PH-US relations under Biden
Now that Joe Biden has been declared President-Elect by the US media, speculations about the future shape of Philippine and US relations have quickly started appearing in the domestic scene.
Ben Punongbayan, Chairman and Founder of the Buklod National Movement, expressed his own anticipations based on: one, that Biden is a life-long liberal, although at the center of the spectrum, and two, he was vice president under the administration of former President Barack Obama and participated actively in the formulation of US policies at that time.
Punongbayan believes that with Biden—being a liberal as opposed to US president Donald Trump who is a dyed-in-the-wool conservative—would be much more predisposed to asserting in a more concrete form and at a higher tone the alleged violations of human rights by the Duterte administration.
Much more so than what was expressed in a letter to US Secretary of State Mike Pompeo by five Democratic senators, Edward Markey, Patrick Leahy, Richard Durbin, Benjamin Cardin and Jeffrey Merkley, in late July this year. These senators asked Pompeo how the US intends to respond to their allegations about the killings in the drug war, conviction of Rappler’s Maria Ressa and Reynaldo Santos, Jr., shutdown of ABS-CBN and continued incarceration of Sen. Leila de Lima. Apparently, Pompeo did not do anything substantial about the letter. But things may turn out differently under the Biden administration.
Another important Philippine concern is the West Philippine Sea (WPS). It was during the Obama administration when China took control of the Scarborough Shoal and the US just stood by watching. It was also during the Obama administration when China made constructions in certain strategic places in the WPS. And the US did not do anything much about them. As such, it is not reasonable to expect that Biden, who was an active participant in policy making in the Obama administration, will do anything to alter those existing positions in favor of the Philippines. We will be on our own with respect to WPS under the Biden administration.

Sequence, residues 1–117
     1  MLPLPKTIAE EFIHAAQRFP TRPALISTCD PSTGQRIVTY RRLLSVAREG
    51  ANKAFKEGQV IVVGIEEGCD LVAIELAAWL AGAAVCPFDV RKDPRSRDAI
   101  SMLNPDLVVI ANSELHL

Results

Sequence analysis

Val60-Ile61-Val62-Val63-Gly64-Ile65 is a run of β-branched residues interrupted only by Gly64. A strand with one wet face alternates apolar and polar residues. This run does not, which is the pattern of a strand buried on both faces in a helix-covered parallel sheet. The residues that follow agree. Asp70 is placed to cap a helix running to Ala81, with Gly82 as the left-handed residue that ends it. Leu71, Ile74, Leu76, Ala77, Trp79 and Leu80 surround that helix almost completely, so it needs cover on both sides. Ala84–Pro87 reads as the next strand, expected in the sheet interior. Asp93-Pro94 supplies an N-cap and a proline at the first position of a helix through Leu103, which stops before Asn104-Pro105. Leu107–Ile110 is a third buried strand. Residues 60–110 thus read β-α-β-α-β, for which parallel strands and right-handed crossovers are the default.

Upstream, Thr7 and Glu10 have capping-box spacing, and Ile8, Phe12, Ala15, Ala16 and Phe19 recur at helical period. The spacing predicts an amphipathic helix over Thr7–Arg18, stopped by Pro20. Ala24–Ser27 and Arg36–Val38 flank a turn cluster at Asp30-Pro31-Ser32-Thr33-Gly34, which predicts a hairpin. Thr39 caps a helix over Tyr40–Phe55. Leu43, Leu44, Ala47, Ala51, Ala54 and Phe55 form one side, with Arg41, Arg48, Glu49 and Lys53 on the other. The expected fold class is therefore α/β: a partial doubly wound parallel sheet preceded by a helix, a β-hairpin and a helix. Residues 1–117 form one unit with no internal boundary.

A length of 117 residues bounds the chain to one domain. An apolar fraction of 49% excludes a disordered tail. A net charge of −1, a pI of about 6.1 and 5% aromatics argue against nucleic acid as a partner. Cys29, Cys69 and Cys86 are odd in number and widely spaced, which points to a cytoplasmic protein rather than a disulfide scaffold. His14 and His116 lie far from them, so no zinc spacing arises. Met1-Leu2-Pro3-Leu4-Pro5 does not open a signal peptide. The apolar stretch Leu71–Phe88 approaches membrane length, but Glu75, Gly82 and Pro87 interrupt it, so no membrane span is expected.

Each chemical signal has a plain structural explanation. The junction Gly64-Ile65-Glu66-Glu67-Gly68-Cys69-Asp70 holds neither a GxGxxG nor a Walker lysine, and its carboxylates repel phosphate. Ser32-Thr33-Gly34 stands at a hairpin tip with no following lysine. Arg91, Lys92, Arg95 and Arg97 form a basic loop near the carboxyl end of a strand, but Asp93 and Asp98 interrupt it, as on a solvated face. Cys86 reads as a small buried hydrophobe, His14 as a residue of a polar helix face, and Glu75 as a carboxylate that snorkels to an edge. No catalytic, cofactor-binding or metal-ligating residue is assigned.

On the other hand, Biden may want to improve his country’s morale standing in global politics and as such may want to take a more active part in the implementation of the United Nations arbitral award to the Philippines on the WPS issue.
Furthermore, Biden may want to play a more constructive role in the world trade, world health, world food and climate change issues so that there will be relatively fewer international stresses for the benefit of everybody.
The last major concern of the Philippines is outsourcing work coming from US geographical areas. Biden may not be as aggressive as Trump in trying to reshore back to the US American jobs that have been offshored to other countries. So, Punongbayan anticipates that the Philippines would be relieved of that trade tension during the Biden administration.
In sum, Punongbayan believes that there won’t be much change in Philippine and US relations, except for the Philippines to expect greater assertiveness by the Biden administration in the area of human rights as well as in global governance.
“The shape of the relationship during the Biden administration will depend upon how the Philippines respond to that expected assertiveness.”